State, the Federal Courts, and in tme Land
Otfice Department of tne (8onoral Govern
ment. o November 25, 1882.
INTERESTING GOSSIP ABOUT OIL AND I
Stiitegy" of the Oil Fields.
[Cor: esponlncee 'Now Xork Sn.ilt.
When a producer sets out to make a
well a mystery he knows that he has a
task before him. The high board fence
which he puts around his well, a hun
dred feet or more from the derrick,
prevents the scouts from getting sam
ples of the sand unless they do so by
arrangement with a guard. If the
scouts succeed in obtaining a thimble
ful of sand they can make a good
guess as to what the well will amount
to. Some of the scouts have as many
as four or five hundred phials of sand,.
each of which is labelled with the
name or number of the well from
which it was taken. In some tracts
the sand is of the color of pulverized
fire-brick, in others it is chocolate-col
ored, and the experienced scout can see
something significant either in the
composition or color of every sample
of sand that he examines.
"This," said a scout, holding up a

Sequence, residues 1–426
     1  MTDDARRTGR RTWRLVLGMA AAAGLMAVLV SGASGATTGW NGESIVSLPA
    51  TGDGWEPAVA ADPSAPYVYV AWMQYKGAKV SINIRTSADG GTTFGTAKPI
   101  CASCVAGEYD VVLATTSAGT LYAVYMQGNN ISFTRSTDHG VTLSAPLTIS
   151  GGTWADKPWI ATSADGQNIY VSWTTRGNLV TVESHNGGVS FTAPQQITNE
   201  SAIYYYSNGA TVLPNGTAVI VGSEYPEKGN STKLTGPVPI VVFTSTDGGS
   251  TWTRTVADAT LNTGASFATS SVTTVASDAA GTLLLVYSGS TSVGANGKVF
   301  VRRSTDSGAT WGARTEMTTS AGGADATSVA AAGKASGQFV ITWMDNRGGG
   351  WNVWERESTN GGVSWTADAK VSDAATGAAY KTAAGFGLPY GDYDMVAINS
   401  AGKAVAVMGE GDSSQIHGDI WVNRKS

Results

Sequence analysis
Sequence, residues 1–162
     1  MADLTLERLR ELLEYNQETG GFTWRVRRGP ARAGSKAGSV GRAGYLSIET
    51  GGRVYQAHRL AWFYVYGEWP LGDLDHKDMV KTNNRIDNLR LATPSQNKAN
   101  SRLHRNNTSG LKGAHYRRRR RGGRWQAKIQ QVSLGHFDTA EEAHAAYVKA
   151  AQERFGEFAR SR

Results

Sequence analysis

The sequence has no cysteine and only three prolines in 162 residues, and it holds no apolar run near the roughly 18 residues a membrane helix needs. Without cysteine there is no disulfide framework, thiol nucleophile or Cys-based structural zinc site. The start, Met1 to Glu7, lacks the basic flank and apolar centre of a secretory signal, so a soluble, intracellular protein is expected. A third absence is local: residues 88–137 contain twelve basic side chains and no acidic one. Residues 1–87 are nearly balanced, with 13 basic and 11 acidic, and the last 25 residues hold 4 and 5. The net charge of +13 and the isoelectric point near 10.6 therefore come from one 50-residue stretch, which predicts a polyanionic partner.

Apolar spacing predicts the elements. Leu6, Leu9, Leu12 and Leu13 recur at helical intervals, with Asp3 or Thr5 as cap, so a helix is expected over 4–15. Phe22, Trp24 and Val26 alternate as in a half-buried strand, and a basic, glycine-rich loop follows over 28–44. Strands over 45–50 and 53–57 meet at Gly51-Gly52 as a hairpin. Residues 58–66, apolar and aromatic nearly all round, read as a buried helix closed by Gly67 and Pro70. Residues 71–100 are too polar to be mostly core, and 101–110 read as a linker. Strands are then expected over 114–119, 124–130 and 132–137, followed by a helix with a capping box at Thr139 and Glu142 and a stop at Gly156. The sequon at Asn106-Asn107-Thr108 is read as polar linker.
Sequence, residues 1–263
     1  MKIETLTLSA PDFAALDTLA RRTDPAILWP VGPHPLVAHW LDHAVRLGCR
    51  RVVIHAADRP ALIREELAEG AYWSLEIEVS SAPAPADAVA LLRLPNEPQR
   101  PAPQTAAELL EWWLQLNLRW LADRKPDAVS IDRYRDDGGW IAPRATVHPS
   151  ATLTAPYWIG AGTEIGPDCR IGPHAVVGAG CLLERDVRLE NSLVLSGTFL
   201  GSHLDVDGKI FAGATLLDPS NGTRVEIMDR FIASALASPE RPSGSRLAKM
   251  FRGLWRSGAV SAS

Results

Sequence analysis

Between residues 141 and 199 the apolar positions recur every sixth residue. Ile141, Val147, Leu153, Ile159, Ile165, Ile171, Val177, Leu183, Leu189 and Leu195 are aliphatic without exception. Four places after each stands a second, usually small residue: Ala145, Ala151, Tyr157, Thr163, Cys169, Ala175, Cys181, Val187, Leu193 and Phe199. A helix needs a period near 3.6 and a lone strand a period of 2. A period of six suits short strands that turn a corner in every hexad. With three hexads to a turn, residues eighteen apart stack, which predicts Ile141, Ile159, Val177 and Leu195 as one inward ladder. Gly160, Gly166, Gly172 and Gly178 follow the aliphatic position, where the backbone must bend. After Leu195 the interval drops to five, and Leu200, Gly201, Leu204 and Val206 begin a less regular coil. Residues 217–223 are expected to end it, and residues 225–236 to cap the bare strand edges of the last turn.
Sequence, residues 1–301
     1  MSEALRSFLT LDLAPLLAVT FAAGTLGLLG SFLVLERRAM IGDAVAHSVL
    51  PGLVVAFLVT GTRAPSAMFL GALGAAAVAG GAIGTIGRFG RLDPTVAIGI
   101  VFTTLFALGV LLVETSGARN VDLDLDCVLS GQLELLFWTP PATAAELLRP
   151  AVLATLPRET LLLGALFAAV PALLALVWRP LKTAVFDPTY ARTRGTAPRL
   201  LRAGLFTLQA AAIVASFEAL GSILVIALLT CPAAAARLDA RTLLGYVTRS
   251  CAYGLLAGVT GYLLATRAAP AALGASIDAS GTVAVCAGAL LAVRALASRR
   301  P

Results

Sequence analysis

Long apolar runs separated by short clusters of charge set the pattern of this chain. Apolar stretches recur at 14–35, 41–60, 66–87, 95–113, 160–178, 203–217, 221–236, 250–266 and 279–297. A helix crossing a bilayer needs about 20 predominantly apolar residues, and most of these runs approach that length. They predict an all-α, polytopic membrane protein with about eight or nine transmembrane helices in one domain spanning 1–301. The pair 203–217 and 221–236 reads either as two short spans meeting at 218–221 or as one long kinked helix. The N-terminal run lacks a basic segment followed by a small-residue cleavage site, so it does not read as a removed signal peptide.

phial in which was as much gray sand
as could be taken upon the blade of a
penknife, "was very precious at the
time it was obtained. It came from
646 in Cherry Grove."
After an owner of a mystery has
made provision for preventing the
scouts from getting any of the sand, he
must make arrangements for keeping
them so far from the well that they
cannot hear the flow of oil into the re
ceiving tank. So lie cuts underbrush
and surrounds his well with an almost
impenetrable brush fence, on the out
side of which he stations guards with
rifles or pole axes as weapons. As
many as a hundred guards are some
times employed at a single well. If
the scouts are unable to make their
way through tifls line and get within
hearing distance of the tank, they
must trust to sight for indications as to
what is doing at the well. The wag of
the walking beam will tell them with
in fifty feet how far down in the rock
the drill is cutting, though a stranger
can only see that the beam oscillates
with a slower motion as the well
grows deeper. If drilling has ceased,
the scouts watch the ventilator of the
receiving tank with the aid of a field
glass, noting' the number of hours out
of twenty-four that the inflow of oil
causes gas to escape from the ventilator
in a thin cloud. Knowing the number
of gallons that will flow through the
pipe in an hour, they can compute the
result of the flows that have taken
place in the twenty-four hours.
Another way of telling how deep a